For the first segment of the cardio, use a machine that you don't normally use. So if you normally do the treadmill, do the first segment on the stairmaster or bike or something. Just make it different.

First segment:
warmup: 3-5 minutes
go hard: 5-10 minutes. I mean hard, as hard as you can stand for the entire time. This will NOT be fun on lowered blood glucose. I've considered putting intervals here but haven't found the data I need to make up my mind. If you do intervals, go something like 5X1' all out with a 1' break (10' total intervals)

Rest 5', just sit on your butt, drink water, try not to puke.

Go to your normal cardio machine. Do at least 30 minutes at moderate/high moderate intensity (below lactate threshold but decent intensity). I'd say 45' maximum here but I'm still making up my mind and looking at data.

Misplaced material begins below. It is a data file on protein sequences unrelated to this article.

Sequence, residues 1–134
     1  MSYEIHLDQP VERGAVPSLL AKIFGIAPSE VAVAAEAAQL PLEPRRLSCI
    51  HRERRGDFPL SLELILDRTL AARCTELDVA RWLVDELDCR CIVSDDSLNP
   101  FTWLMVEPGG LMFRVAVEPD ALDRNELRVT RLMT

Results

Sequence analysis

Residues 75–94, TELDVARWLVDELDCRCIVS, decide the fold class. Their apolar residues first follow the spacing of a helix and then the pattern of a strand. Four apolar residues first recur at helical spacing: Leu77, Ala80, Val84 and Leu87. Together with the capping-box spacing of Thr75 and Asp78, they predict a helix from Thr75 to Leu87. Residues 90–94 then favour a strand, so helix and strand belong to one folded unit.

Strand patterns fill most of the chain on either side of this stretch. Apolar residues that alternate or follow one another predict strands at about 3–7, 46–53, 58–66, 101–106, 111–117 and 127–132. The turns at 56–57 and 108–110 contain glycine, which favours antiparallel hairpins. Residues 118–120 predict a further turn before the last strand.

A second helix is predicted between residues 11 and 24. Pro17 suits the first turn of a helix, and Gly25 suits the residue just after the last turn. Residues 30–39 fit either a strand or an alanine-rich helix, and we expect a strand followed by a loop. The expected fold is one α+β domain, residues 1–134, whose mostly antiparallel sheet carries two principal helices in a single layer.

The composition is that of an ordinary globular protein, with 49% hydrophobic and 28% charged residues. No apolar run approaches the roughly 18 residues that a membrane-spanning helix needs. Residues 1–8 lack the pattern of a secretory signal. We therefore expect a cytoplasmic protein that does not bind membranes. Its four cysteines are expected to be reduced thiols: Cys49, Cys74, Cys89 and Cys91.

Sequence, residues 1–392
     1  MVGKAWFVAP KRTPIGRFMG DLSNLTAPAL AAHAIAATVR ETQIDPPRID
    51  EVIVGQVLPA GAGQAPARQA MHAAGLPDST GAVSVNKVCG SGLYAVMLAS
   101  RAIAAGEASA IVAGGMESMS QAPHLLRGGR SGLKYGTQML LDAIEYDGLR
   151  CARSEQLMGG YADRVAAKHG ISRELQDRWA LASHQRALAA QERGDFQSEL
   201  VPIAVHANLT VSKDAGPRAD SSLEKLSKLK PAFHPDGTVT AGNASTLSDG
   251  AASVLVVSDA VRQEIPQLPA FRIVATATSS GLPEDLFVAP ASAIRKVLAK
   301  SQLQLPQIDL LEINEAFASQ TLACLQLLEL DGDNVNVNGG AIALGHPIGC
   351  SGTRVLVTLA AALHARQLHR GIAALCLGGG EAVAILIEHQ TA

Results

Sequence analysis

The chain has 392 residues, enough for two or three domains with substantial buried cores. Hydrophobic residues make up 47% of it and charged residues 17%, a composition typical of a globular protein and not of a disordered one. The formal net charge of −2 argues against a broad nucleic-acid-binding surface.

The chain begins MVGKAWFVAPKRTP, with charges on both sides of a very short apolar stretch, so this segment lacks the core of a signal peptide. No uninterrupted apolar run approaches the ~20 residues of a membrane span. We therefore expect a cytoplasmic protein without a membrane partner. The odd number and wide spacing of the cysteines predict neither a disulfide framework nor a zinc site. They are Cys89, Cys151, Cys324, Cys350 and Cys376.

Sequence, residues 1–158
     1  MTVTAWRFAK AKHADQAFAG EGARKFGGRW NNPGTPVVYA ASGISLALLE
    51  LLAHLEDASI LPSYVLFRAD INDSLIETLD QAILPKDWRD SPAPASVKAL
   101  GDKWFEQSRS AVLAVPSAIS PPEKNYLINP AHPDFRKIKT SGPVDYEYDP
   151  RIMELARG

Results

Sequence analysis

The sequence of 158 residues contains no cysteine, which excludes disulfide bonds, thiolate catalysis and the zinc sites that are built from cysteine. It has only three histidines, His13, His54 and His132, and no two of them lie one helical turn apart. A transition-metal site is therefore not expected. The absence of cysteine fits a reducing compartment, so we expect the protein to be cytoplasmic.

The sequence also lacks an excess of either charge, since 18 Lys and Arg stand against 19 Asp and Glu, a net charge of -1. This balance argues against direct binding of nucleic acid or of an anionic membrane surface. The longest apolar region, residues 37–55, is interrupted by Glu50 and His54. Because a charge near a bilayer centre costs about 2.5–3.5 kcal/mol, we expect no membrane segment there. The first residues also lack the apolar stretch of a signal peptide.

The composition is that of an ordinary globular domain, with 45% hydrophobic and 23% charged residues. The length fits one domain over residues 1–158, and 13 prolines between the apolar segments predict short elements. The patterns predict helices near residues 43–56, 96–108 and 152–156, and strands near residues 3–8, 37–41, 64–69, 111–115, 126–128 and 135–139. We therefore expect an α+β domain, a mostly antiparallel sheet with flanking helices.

Go home, and wait and hour before having a small protein meal (25-50 grams or so). No dietary fat. 2-3 hours later, go back to normal diet eating. Your daily calories shouldn't be any different than they were already, they are just distributed differently, you only have 100-200 immediately after cardio, and then the rest afterwards.

I'd do that maybe 3 days per week to start, and see what happens.

Why this works

To get stubborn fat mobilized, you have to overcome a fairly severe resistance in terms of both blood flow and lipolysis, this requires very high concentrations of catecholamines (adrenaline/noradrenaline). Sadly, jacking up levels of catecholamines (necessary for mobilization) limits burning in the muscle which is why you follow the high intensity with low intensity.

Basically, you jack up levels to get the fat mobilized, and then let them fall so that the fatty acid can be burned in the muscle.

I have a study showing that Ephedrine before intense activity lowers the catecholamine response, that's the reason for avoiding it. Studies also show a lower than normal catecholamine response as people adapt to a given type of cardio; doing a different machine will result in a higher catecholamine response than you'd other wise get.

The bigger problem with stubborn fat has to do with:

- Blood flow to the fat cells: which is typically very low, odds are your butt is cold to the touch compared to other areas of your body